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They argued their sector is only responsible for one percent of the accident rate nationwide and that the payment of such insurance significantly affects their income.
On Monday, Guatemalan carriers blocked several roads nationwide to demand that President Alejandro Giammattei eliminate their obligation to pay liability insurance to third parties and occupants in traffic accidents cases.
The State alleged that the approval of the transporters' insurance payment is due to the constant increase of traffic accidents, which have left at least 167 dead over the last five months in this Central American country.
Protesters, however, argued that their sector is only responsible for one percent of the accident rate nationwide and that the payment of such insurance significantly affects their income.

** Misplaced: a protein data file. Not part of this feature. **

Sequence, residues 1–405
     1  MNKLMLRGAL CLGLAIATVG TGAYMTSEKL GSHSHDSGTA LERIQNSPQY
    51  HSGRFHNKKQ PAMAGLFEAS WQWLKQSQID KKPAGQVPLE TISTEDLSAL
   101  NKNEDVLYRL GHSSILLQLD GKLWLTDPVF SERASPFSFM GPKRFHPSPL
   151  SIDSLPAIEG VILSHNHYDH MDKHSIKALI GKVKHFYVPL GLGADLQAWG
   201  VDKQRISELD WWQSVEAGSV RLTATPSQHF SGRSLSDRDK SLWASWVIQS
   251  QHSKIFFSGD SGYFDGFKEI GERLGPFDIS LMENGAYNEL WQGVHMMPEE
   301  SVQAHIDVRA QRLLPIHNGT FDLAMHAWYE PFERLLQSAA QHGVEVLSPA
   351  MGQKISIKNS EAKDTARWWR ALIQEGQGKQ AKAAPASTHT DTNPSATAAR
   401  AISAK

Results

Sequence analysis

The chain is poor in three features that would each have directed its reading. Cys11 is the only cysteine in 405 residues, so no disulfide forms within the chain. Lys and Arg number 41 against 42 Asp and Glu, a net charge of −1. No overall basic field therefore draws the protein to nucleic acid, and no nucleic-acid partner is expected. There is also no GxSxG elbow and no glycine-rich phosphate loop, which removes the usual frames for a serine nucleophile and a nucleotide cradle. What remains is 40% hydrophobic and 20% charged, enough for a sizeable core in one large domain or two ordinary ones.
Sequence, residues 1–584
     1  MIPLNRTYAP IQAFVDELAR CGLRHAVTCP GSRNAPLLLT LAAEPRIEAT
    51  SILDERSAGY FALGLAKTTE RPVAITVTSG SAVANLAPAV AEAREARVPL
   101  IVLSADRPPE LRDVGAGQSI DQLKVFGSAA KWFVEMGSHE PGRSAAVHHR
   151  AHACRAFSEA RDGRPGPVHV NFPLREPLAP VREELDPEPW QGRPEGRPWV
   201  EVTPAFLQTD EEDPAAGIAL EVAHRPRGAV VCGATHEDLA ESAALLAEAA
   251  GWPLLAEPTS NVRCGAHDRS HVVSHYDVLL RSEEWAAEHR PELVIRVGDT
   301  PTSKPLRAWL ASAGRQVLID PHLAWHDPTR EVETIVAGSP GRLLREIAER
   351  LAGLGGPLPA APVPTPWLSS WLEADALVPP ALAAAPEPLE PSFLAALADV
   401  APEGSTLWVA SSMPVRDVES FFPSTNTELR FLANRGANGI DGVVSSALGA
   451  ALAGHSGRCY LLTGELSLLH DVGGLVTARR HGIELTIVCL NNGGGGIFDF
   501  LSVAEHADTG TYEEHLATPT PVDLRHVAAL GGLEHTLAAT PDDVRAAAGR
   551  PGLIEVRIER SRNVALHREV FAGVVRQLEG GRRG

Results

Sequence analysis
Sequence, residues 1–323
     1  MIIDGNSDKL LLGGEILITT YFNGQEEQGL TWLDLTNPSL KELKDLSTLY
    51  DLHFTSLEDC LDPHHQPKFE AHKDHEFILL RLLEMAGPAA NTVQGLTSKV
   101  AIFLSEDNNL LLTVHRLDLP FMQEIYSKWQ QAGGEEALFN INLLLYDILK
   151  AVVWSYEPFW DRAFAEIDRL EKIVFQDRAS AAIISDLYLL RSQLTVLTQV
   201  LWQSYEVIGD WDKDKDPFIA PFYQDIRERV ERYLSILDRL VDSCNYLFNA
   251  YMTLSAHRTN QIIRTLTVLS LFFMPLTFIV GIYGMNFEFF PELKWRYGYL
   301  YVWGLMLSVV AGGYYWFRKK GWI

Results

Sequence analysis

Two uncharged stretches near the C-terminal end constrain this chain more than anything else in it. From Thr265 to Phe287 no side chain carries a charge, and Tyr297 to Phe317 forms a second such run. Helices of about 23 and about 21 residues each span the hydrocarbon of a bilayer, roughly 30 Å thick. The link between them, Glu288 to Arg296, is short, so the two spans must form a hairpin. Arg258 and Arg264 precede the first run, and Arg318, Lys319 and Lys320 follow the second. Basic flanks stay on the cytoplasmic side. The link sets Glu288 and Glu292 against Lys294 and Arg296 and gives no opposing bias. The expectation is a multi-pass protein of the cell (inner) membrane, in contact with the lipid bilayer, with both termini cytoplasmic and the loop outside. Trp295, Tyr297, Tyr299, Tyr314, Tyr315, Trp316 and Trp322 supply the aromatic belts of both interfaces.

"On multiple occasions, we have asked the Giammattei administration for spaces to discuss this issue in a public way, but it has remained indifferent about it. Therefore, we had to resort to protest and strike," transporter Marlon Prera pointed out.
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Cayalá, Guatemala is a new development with mostly car-free streets, urban plazas, and a mix of residential, retail, and civic uses. The architecture spans traditional Guatemalan, Spanish, and Islamic styles. pic.twitter.com/vixXBV0jRC
The Guatemalan General Directorate of Road Protection (PROVIA) confirmed that at least 20 road sections throughout the territory are blocked in both directions, including the crossings to Mexico, Honduras, and El Salvador.
"We will only re-establish the road sections and reactivate our service once we reach an agreement with the government and it publishes its decision," Prera highlighted.
The Interior Ministry spokesperson Pablo Castillo announced that the National Civil Police will monitor the protests constantly and activate their protocols if the blockades persist. "The citizen’s right to movement freedom cannot be violated under any concept," he stated.